BOC to use survey to craft potential ballot language for Kaliseum repairs

Dennis Mansfield, Contributing Writer

Photo by Lauren Clark

Kalkaska County Board of Commissioners Chair Stuart McKinnon (middle) addresses a question from the public during Tuesday’s special meeting regarding future plans to fund needed repairs at the county’s Kaliseum Recreation Complex.


KALKASKA – Before making any type of final decision on the fate of the Kaliseum Recreation Complex, the Kalkaska County Board of Commissioners want to hear from the voters who put them in office.

Commissioners have debated for months what to do and about how best to fund much-needed repairs and mechanical upgrades at the county-owned facility on West Mile Road in Kalkaska. Those discussions were occurring even before county officials voted to close the Kaliseum’s pool, after a fastener fell from the roof, again highlighting the need for action.

But, before deciding the scope and cost of any potential project, the county board voted at a four-hour special meeting Tuesday, Dec. 18, to contract with a downstate marketing firm to conduct both an online and phone survey to help shape a possible funding request that could be before voters as early as May 2019.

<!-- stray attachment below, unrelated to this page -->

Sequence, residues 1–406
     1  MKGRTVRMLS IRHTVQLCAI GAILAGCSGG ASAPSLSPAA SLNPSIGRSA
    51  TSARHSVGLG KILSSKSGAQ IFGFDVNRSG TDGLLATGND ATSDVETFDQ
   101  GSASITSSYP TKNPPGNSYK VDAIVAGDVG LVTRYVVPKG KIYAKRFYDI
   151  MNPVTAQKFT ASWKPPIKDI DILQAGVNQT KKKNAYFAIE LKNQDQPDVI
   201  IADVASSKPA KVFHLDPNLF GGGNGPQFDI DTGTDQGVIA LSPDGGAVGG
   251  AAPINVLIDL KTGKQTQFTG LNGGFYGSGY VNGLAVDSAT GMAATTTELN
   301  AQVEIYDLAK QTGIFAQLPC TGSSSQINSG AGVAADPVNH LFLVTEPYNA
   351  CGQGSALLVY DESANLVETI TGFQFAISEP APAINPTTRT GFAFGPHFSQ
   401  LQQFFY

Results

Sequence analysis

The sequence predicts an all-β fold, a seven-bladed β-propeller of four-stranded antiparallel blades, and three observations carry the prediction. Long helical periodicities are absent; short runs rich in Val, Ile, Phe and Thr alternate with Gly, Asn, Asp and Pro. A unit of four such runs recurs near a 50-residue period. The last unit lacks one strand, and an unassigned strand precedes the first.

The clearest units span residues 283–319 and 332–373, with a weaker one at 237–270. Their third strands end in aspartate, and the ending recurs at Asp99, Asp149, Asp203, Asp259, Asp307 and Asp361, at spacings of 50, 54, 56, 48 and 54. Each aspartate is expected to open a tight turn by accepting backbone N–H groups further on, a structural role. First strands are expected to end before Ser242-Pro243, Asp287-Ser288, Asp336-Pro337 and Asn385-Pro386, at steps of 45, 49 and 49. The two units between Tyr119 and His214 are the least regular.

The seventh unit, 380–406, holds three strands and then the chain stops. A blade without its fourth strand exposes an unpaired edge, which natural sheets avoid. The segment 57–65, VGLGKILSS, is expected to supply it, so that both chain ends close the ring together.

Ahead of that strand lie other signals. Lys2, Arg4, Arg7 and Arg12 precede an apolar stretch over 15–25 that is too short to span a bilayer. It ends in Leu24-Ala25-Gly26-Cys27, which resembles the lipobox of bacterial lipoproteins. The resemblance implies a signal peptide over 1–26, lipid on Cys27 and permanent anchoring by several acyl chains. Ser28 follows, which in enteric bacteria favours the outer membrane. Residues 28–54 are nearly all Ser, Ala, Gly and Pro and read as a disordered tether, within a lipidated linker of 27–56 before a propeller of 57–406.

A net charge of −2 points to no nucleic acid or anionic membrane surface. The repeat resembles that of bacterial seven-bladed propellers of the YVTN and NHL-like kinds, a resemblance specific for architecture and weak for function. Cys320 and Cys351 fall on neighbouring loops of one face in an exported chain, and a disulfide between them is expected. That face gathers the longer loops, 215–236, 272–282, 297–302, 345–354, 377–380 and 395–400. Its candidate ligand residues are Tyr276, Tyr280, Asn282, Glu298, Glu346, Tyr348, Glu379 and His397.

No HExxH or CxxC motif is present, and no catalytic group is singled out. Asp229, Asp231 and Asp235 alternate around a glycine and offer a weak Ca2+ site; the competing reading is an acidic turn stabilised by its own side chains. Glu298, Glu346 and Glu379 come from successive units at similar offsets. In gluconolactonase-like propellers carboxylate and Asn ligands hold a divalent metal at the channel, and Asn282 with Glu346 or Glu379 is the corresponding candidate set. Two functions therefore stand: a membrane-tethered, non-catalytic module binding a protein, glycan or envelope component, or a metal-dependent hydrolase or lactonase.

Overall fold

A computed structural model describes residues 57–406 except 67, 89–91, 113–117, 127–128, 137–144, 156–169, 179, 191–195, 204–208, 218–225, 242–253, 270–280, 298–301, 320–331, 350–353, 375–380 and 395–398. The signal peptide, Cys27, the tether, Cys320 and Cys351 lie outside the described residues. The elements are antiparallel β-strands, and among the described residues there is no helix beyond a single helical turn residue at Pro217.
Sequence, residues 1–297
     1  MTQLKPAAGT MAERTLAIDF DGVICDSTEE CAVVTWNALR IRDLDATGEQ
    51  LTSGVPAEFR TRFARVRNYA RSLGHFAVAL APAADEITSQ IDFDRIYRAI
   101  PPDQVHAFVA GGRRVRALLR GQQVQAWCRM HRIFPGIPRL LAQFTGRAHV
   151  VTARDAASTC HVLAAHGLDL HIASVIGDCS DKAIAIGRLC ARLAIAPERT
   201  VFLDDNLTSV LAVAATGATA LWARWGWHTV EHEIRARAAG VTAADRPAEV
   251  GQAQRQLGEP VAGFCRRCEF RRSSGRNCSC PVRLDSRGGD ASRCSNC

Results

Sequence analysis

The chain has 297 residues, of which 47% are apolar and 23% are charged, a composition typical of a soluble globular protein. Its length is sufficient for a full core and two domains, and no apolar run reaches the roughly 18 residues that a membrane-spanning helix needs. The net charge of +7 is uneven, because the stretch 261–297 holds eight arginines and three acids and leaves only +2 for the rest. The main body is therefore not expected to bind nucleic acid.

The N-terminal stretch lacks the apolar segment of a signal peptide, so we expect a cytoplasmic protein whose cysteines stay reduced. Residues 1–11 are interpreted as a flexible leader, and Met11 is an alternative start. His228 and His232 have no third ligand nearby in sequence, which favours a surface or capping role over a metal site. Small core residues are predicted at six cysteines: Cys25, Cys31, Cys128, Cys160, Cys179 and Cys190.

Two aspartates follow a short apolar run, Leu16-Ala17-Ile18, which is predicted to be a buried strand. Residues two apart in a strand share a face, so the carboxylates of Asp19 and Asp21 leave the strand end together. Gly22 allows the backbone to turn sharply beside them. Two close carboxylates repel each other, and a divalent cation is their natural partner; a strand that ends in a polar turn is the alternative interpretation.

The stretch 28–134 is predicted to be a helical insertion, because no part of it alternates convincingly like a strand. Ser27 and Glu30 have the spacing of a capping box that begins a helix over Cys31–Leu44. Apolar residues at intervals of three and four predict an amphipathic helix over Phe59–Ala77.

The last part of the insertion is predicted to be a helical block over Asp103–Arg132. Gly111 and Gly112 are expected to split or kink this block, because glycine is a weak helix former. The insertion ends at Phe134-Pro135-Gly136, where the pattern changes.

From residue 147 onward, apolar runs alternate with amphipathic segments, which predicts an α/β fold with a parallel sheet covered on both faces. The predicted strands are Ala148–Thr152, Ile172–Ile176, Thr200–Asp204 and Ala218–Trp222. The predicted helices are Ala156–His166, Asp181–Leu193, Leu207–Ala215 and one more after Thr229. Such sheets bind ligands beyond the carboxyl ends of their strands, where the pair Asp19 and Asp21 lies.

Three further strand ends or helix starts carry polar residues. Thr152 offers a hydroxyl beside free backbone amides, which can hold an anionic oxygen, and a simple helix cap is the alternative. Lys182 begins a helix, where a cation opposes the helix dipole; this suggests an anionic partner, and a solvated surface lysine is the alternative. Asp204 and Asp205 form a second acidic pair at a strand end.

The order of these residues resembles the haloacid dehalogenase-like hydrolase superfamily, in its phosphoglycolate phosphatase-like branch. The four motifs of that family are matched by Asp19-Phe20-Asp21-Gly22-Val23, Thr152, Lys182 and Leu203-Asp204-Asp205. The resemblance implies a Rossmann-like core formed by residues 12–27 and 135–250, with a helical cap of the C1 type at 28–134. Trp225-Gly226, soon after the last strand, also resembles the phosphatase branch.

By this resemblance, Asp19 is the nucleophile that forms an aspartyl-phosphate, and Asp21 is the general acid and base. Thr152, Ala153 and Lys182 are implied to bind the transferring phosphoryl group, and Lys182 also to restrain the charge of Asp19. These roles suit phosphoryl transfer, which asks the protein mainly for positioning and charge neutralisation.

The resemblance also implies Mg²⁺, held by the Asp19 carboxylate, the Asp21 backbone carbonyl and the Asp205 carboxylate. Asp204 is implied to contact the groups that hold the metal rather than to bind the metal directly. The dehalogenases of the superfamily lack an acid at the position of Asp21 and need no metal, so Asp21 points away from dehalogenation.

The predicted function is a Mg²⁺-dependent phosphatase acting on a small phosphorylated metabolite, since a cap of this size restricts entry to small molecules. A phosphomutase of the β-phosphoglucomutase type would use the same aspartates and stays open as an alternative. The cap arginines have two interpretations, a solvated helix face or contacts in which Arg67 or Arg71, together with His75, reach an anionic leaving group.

A county-wide vote might finally provide a solution to maintenance issues at the Kaliseum some eight months after the commissioners closed the pool area when a 5/8th-inch bolt, broke loose from the ceiling and fell to the floor below on Sept. 12. According to officials, the part was large and heavy enough to have caused serious injury, if it had hit anyone.

The closure came at somewhat of an inopportune time, as commissioners had already started work on finding financial options to fund up to $4.2 million in improvements and upgrades to the Kaliseum, which is nearing its 20th birthday.

Those were to include replacement, improvements and upgrades to the building’s mechanical equipment, such as heating and cooling functions.

Without funding for the repairs and upgrades, outgoing District No. 2 Commissioner Stuart McKinnon, chairman of the county board, said the future of the Kaliseum is in doubt.

“The Kaliseum is past the point of being critical,” McKinnon said. “If we have one boiler or one chiller go down, the building is done.

“This is kind of a do or die.”

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